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D.A. Vasilakis


This article deals with the complex relation between providence and descent in Neoplatonism, with particular reference to Proclus and especially his Commentary on the First Alcibiades. At least according to this work, descent is only a species of providence, because there can be providence without any descent. Whereas the gods (for instance the Henads) provide for our cosmos without descending to it, a large group of souls provide for our cosmos by descending to it. The former kind of providence is better than the latter, even if it is necessary that souls descend in order to give existence to the beautiful cosmos. The following study deals with providence as descent, looking at it from two angles. In the first section I show that Proclus designates this form of providence in two rather surprising ways. One term he uses for it, which will be well known to readers of Plotinus, is τόλµα (audacity)—this despite the word’s negative connotations due to its Neopythagorean and Gnostic origin. A second name for descended providence is ἐπιστροφή (‘reversion’ or better ‘turning one’s attention’). Again, this may be surprising, since we usually expect this term to express the ‘turning back’ of a lower effect to its cause. In Proclus, the word ἐπιστροφή too can have negative connotations, but he also uses it in a positive way when applying it to providence. In the second part of the paper, I explain how Socrates’ providence for Alcibiades (as seen in the Alcibiades I) can be undefiled (i.e. unmixed), even if Socrates necessarily descends as he offers providential guidance. Proclus’ comparison of Socrates with Hercules, who went to the Underworld in order to save Theseus, serves as a positive illustration of Socrates’ divinelike providence, and marks the deficiency of Socrates (or Hercules as a ‘semi-god’) compared to the transcendent and undefiled providence of Neoplatonic divinities.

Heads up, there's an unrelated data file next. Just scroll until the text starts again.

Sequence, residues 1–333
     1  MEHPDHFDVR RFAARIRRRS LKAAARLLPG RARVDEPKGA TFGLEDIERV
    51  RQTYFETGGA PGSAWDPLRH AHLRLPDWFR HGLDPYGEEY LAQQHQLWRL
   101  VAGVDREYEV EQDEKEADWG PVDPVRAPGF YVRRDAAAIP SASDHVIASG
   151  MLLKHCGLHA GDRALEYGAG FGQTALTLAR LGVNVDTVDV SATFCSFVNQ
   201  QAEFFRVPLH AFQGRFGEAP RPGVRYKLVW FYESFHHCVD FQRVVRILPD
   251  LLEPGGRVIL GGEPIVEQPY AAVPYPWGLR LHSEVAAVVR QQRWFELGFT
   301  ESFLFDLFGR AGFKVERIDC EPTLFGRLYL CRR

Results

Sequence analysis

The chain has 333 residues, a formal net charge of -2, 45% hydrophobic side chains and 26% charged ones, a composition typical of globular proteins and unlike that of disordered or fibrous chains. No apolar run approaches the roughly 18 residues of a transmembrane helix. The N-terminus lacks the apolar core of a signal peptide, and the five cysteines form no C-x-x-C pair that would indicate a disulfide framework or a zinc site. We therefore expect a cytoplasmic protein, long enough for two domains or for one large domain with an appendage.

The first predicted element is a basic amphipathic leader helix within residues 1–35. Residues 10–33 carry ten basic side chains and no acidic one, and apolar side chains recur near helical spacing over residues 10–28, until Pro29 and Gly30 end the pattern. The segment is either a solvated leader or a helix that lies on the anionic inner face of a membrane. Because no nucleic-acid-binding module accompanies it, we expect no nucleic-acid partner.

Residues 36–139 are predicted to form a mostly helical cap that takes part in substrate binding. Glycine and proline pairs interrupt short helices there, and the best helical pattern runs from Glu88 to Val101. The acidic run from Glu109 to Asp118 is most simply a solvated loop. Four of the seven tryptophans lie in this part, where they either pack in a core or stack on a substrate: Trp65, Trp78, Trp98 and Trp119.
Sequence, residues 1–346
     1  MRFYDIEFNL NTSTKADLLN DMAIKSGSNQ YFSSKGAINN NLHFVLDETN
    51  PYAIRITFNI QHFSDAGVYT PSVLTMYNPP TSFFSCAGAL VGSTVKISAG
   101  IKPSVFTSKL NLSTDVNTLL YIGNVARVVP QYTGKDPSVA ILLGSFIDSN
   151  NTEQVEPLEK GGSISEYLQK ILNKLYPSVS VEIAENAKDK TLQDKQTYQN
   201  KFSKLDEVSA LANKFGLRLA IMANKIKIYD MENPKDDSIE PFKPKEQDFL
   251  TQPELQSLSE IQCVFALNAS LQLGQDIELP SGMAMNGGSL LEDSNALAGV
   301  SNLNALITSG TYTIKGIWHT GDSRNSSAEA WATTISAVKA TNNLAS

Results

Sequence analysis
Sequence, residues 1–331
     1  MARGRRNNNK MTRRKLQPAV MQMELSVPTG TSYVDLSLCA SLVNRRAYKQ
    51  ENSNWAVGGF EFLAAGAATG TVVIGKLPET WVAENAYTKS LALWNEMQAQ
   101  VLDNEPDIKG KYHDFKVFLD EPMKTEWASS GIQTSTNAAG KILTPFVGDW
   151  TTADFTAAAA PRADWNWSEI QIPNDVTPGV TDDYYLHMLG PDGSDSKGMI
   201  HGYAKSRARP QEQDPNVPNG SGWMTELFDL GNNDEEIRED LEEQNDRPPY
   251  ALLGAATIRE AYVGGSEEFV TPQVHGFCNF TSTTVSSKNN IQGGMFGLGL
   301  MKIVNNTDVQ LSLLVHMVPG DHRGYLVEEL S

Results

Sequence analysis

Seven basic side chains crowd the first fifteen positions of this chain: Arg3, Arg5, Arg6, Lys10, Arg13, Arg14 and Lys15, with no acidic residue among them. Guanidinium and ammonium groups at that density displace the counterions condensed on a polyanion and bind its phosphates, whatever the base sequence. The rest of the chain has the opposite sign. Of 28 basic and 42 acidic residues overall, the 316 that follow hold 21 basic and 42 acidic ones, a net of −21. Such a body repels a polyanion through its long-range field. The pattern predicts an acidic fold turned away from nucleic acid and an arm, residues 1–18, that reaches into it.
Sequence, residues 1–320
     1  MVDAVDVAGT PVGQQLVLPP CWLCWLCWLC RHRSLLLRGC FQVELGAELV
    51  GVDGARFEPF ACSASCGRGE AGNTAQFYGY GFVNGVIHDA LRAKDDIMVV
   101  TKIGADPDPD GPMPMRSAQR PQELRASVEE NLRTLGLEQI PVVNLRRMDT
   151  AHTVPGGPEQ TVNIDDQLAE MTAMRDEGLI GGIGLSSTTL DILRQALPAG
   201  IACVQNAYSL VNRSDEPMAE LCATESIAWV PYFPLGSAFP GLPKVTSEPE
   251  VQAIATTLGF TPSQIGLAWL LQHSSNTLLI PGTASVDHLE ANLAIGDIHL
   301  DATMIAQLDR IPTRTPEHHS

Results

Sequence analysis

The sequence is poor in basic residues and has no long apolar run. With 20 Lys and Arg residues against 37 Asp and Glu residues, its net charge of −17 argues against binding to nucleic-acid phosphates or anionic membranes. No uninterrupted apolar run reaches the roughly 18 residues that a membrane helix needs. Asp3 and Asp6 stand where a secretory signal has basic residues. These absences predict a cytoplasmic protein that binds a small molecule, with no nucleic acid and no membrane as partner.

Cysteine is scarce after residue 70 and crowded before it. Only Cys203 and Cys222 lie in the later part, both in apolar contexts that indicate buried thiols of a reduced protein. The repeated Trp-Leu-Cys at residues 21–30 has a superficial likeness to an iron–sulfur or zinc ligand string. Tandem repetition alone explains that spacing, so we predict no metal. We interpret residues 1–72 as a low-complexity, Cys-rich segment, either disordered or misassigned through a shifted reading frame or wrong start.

Olga Petri


This article explores a stylized version of “natural” birdsong as an element of the soundscape of a historical city, late-nineteenth-century St. Petersburg. From 1880 to 1900, canaries were brought to the city in great numbers from hatcheries located in the Russian countryside. Their song was the ovsîanka, a mix of melodies acquired from wild Russian birds. This song reflects “enhanced nature,” linking human intentionality to the agency of a nonhuman animal, the canary, and both to the city. Breeders, merchants, keepers, and birds formed a super-urban assemblage spanning the city and the countryside. Canaries, like human migrants flooding to the city during this time, retained their strong village roots, and their urban role depended on them. In this super-urban assemblage, the canaries’ urban performance was an expression of their modified and contextual agency, though their agency was assembled and authorized by human-nonhuman networks engendered by the city.